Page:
Heavenly Sword Review
Button Bashing – a term gamers use a fair bit for titles that require little skill other than fat fingers to mash all four buttons in one go quickly. It is also the term most gamers labelled Heavenly Sword as, based on their experience with the PSN demo that was released.
Admittedly the 5 minute demo that was released did feel a bit of a button basher. There’s something about the full game though that changes that feel. Throughout the game, you play as the rather gorgeous Nariko, a pretty red headed warrior trained in all types of warfare, and outcast by her clan. The story unfolds with King Bohan (that’s the bad guy!) wanting to gain the supernatural power of the Heavenly Sword, which is eventually protected by Nariko.
The main aspect of the game focuses on the warfare. Straight from the off, you’re put into the middle of a massive fight, with thousands of enemies launching themselves at you at once. When a game starts off with such intensity, you just know that it’s going to be a hit.
There is a huge amount of satisfaction smashing six or seven enemy foes with one powerful heavenly sword swing. When wielding the Heavenly Sword, you have three main types of attack. There is the normal speed attack, which is simply done by pressing the attack buttons, the range attack, which is done by holding the L1 button and then bashing the attack buttons, or the powerful attack (a personal favourite), executed by holding R1 whilst attacking. Different enemies will be beaten by different attacks – if you’re surrounded by a load of them, the range attack is best for pushing them back and giving yourself time. The larger enemies are best attacked with the powerful attack, which can break their block allowing you to hit them where it hurts!
The main thing that keeps this game from being an all-out button basher is the combos. As you progress through the game, if you fight well by blocking and stringing together hits, you’ll get rewarded with new combos. There seems to be an almost unending amount of combos, considering you have combos within each type of attack, plus you can then combine those combos with other attack combos. For example, you could start with a power attack combo, but then switch to a range attack mid-combo to create a new one. You’ll soon find yourself trying to perfect the combos based on your situation, and instead of just mashing the buttons, you’ll be thinking about the attacks you’ll want to make.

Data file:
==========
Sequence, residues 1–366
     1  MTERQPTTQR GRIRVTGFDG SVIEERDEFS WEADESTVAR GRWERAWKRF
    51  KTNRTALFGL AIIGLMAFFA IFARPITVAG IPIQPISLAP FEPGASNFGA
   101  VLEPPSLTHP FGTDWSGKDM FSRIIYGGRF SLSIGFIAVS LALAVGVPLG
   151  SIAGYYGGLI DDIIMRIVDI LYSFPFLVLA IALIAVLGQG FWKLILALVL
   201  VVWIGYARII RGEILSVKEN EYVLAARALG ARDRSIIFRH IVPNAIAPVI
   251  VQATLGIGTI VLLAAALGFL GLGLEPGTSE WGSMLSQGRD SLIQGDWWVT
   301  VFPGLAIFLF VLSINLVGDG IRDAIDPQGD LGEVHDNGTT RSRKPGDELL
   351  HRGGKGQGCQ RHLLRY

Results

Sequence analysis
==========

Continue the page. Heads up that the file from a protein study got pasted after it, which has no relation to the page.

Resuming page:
The game is nicely split up with a few simple puzzles, and some range attacking. For some of the game you play as Kai, Nariko’s younger sister. Kai is a cross bow specialist, and so for some of the game, you’ll have to tactically use Kai’s athletic ability to dodge enemies, get some distance, and take them out with an arrow to the head. Sadly though, there isn’t much variety to Kai’s levels, and so although it splits up the games somewhat similar fighting aspects, there isn’t enough of it, nor is there enough of a variation to it.
Annoyingly, the game can also sometimes feel a bit easy. It’s rewarding taking out heaps of enemy fighters with one swing, but even when you lower your guard and get a smack around the head, you don’t really lose that much of your health – and if you do somehow manage to get low on health, you can quite easily find a red health box to recover during a fight. That being said, it doesn’t detract too much from what is actually a very addictive title.
And coupled with that addiction is some quite stunning graphics. If you’ve played the PSN demo, you’d of been fed a taste of the superb graphical ability of the PS3. Throughout Heavenly Sword, there are plenty of mind-blowing scenes, and the impressive dynamic camera angles that add to the scenery.
Although somewhat of a short single-player game (about 7-10 hours worth) and no multi-player gaming to keep the longevity, Heavenly Sword is still a great game. The fighting feels a bit of a button bash affair to start with, but as you progress and unlock new combos, you’ll soon find yourself tactically using your attacks to get the best out of each battle. With stunning graphics, and decent storyline and addictive gameplay, Heavenly Sword gets a well deserved 87%.